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Question on performance/style issue
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Date: -- (:)
From: Nathaniel Gray <n8gray@g...>
Subject: Re: [Caml-list] Question on performance/style issue
On 2/24/06, Alessandro Baretta <a.baretta@studio.baretta.com> wrote:
> I am very fond of the following "duality" operator.
>
> let (++) x f = f x
>
> I use to write complex computations legibly: instead of
>  > h(g(f(x)))
> I write
>  > x ++ f ++ g ++ h
>
> What is the impact of the this programming style on execution performance?

Looks bad:
================ simpleops.ml =================
let a x = print_string x; x ^ "."
let b x = x ^ x
let c x = "frotz" ^ x

let (++) x f = f x

let test_oper _ =
   " Hello!" ++ a ++ b ++ a ++ b ++ c ++ a ++ b ++ c

let test_normal _ =
   c (b (a (c (b (a (b (a " Hello!")))))))

let _ = test_oper ()
let _ = test_normal ()
============ end simpleops.ml ============

Compiled on a PPC powerbook with:
ocamlopt.opt -S -c simpleops.ml

============= from simpleops.s =============
	.globl	_camlSimpleops__test_oper_66
	.text
	.align	2
_camlSimpleops__test_oper_66:
	mflr	r0
	addi	r1, r1, -32
	stw	r0, 28(r1)
L105:
	addis	r11, 0, ha16(_camlSimpleops+4)
	lwz	r4, lo16(_camlSimpleops+4)(r11)
	addis	r11, 0, ha16(_camlSimpleops)
	lwz	r5, lo16(_camlSimpleops)(r11)
	stw	r4, 0(r1)
	addis	r11, 0, ha16(_camlSimpleops)
	lwz	r4, lo16(_camlSimpleops)(r11)
	addis	r11, 0, ha16(_camlSimpleops+4)
	lwz	r6, lo16(_camlSimpleops+4)(r11)
	lwz	r27, 0(r4)
	addis	r11, 0, ha16(_camlSimpleops+8)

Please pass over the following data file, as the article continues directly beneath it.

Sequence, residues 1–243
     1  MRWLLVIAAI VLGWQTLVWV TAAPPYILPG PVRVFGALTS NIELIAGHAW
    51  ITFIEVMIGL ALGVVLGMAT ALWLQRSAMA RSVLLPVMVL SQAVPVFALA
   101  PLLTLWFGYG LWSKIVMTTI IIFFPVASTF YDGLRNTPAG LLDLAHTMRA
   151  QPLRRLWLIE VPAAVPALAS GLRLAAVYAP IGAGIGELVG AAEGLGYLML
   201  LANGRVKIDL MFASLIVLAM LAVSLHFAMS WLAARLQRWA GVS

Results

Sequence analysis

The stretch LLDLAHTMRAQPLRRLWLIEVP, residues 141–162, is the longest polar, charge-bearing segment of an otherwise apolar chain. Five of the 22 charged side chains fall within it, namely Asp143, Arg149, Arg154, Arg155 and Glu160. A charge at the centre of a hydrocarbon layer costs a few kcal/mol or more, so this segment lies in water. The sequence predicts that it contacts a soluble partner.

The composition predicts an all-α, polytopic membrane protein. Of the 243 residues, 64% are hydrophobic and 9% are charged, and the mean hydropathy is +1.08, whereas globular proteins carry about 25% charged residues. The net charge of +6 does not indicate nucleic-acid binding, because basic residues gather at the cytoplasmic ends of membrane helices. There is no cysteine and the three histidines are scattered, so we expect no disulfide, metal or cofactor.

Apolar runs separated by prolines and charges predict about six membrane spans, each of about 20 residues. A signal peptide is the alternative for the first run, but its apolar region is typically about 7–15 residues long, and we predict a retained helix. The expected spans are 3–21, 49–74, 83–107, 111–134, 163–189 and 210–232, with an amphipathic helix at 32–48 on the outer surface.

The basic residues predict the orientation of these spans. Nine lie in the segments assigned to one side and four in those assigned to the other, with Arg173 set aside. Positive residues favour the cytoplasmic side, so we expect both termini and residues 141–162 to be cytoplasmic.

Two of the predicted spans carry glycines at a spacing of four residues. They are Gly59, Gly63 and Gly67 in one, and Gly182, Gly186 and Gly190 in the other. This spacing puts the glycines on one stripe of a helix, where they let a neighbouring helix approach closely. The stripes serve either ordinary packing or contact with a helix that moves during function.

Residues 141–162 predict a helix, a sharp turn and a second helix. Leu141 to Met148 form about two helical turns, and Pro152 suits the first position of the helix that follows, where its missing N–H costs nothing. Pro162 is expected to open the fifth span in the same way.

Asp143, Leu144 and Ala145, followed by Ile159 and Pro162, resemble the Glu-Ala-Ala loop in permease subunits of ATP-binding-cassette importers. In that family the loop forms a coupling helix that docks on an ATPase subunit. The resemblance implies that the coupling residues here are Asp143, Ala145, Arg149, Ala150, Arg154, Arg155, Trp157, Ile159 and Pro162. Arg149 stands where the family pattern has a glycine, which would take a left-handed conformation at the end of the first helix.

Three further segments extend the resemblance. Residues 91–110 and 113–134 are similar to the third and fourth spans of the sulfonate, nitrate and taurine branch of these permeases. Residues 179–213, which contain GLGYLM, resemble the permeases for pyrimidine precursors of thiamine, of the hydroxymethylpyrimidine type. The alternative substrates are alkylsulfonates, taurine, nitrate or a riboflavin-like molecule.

lwz	r7, lo16(_camlSimpleops+8)(r11)
	addis	r11, 0, ha16(_camlSimpleops)
	lwz	r8, lo16(_camlSimpleops)(r11)
	addis	r11, 0, ha16(_camlSimpleops+4)
	lwz	r9, lo16(_camlSimpleops+4)(r11)
	addis	r11, 0, ha16(_camlSimpleops+8)
	lwz	r10, lo16(_camlSimpleops+8)(r11)
	stw	r9, 20(r1)
	stw	r10, 24(r1)
	stw	r8, 16(r1)
	stw	r7, 12(r1)
	stw	r6, 8(r1)
	stw	r5, 4(r1)
	addis	r3, 0, ha16(_camlSimpleops__8)
	addi	r3, r3, lo16(_camlSimpleops__8)
	mtctr	r27
L106:	bctrl
	lwz	r4, 0(r1)
	lwz	r25, 0(r4)
	mtctr	r25
L107:	bctrl
	lwz	r4, 4(r1)
	lwz	r23, 0(r4)
	mtctr	r23
L108:	bctrl
	lwz	r4, 8(r1)
	lwz	r21, 0(r4)
	mtctr	r21
L109:	bctrl
	lwz	r4, 12(r1)
	lwz	r19, 0(r4)
	mtctr	r19
L110:	bctrl
	lwz	r4, 16(r1)
	lwz	r17, 0(r4)
	mtctr	r17
L111:	bctrl
	lwz	r4, 20(r1)
	lwz	r15, 0(r4)
	mtctr	r15
L112:	bctrl
	lwz	r4, 24(r1)
	lwz	r10, 0(r4)
	mtctr	r10
	lwz	r11, 28(r1)
	addi	r1, r1, 32
	mtlr	r11
	bctr
=========================================

Compare that with
=========================================
	.globl	_camlSimpleops__test_normal_67
	.text
	.align	2
_camlSimpleops__test_normal_67:
	mflr	r0
	addi	r1, r1, -16
	stw	r0, 12(r1)
L113:
	addis	r3, 0, ha16(_camlSimpleops__7)
	addi	r3, r3, lo16(_camlSimpleops__7)
L114:	bl	_camlSimpleops__a_57
	mr	r4, r3
L115:	bl	_camlPervasives__$5e_135
L116:	bl	_camlSimpleops__a_57
	mr	r4, r3
L117:	bl	_camlPervasives__$5e_135
L118:	bl	_camlSimpleops__c_61
L119:	bl	_camlSimpleops__a_57
	mr	r4, r3
L120:	bl	_camlPervasives__$5e_135
	lwz	r11, 12(r1)
	addi	r1, r1, 16
	mtlr	r11
	b	_camlSimpleops__c_61
============== end simpleops.s =============

So no, it looks like the call to ++ isn't compiled away, at least in
this case.  I also tried with -inline 99 and it didn't help, but I
don't know if that's even a valid value for inline.

Cheers,
-n8

--
>>>-- Nathaniel Gray -- Caltech Computer Science ------>
>>>-- Mojave Project -- http://mojave.cs.caltech.edu -->